Jeopardy! recently featured an outdated term in a medical clue, and the show has issued a formal apology amid viewer outrage. In a post on the show's official Twitter page, a statement read, " Yesterday's program included a clue about postural orthostatic tachycardia syndrome (POTS). After hearing from the community, we found we used an outdated and inaccurate term for this disorder, and we apologize."
The controversial clue came from guest host Savannah Guthrie, who read: "Postural Orthostatic Tachycardia Syndrome is also known as Grinch Syndrome because this organ is too small." The correct response was, "What is the heart?" The clue sparked a major reaction online, with many pointing out that the "Grinch" reference is outdated, on top of being "inaccurate and offensive." Notably, MyHeart.net points out that postural orthostatic tachycardia syndrome is not even an issue related to a small heart, rather it's more about blood flow.
Thank you @Jeopardy. We accept your apology and appreciate that you were willing to listen to our patient community. We'd love to see some autonomic nervous system clues in the future! We encourage everyone to learn about POTS by watching this brief video: https://t.co/BYH9JsedgZ— Dysautonomia Intl. (@Dysautonomia) June 22, 2021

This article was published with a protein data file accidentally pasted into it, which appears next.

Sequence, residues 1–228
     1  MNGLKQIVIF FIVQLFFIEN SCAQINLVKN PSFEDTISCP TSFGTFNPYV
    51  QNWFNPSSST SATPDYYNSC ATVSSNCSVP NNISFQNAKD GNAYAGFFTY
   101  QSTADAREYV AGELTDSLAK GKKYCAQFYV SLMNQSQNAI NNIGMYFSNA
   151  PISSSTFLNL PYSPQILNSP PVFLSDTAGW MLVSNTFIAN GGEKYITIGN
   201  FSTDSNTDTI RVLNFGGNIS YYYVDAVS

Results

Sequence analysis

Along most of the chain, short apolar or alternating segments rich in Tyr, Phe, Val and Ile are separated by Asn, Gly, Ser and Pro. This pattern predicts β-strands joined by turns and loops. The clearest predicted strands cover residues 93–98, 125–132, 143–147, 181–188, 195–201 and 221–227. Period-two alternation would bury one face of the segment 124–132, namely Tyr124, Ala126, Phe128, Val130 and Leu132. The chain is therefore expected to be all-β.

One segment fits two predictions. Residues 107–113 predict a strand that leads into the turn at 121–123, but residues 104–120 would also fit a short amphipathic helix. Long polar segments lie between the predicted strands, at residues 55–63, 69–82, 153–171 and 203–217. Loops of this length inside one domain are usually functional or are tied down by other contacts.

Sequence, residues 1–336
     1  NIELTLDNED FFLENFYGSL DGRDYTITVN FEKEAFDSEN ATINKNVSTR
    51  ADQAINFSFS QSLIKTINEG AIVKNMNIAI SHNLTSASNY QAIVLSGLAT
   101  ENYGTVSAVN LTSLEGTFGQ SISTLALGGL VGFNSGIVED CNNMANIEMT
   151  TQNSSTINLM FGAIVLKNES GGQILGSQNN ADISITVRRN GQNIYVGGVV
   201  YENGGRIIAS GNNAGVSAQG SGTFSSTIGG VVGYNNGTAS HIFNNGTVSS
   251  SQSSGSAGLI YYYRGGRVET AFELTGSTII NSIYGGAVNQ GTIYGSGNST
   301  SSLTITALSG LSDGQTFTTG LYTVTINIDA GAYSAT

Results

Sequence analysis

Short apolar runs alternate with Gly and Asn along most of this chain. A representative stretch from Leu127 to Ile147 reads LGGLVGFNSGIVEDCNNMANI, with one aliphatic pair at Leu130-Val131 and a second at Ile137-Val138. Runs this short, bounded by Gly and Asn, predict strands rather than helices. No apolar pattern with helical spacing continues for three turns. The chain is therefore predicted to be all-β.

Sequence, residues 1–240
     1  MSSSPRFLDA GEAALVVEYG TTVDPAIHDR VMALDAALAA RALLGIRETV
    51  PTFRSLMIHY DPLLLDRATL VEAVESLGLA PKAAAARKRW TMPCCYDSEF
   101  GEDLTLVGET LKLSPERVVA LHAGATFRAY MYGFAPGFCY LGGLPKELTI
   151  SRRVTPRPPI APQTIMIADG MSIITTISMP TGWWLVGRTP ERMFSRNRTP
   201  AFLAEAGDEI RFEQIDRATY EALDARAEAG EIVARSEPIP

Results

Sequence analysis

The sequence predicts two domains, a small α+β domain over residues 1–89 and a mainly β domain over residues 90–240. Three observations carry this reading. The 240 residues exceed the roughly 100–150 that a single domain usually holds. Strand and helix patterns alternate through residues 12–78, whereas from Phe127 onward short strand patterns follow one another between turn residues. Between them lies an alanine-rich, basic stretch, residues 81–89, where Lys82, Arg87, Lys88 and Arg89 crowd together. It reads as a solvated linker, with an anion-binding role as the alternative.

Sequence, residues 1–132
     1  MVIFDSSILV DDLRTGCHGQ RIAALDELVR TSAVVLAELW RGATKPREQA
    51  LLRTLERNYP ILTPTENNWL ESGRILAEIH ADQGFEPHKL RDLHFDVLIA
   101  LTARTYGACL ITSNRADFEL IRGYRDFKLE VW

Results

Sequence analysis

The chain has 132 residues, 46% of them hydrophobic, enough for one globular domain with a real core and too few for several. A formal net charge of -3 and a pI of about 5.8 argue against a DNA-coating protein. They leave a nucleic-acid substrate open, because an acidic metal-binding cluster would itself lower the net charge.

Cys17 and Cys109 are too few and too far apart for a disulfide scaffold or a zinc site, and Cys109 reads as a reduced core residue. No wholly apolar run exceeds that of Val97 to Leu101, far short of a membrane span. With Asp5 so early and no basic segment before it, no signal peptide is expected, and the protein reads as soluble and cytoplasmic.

In the wake of Jeopardy!'s statement, many have replied to the post and expressed appreciation for the apology. "Thank you for apologizing," one person tweeted. "This is especially important as there are many people newly dealing with POTS because of long covid and it is important not to give incorrect information. It [affects] the autonomic nervous system. Also, that derogatory term was seemingly never in wide use."
"Thank you for the apology. However, we still don't have an explanation as to how this term made it to air," author Lillie Lainoff replied. "It's a term almost everyone with POTS hasn't even heard of. If there were more disabled and chronically ill people working for you, this wouldn't have happened."
Lainoff continued, "How are you going to make sure this doesn't happen again? How are you going to make this right?
Most Americans don't know what POTS is. This will be the first time they've heard of it. They are going to think the clue is accurate because of the show's credibility."
One last user added, "Thank you for apologizing [Jeopardy!] however, please take this opportunity to also do a segment or at least a tweet on what POTS really is. With accurate information from [Dysautonomia]. Because there are people who will remember this episode and still believe it to be true."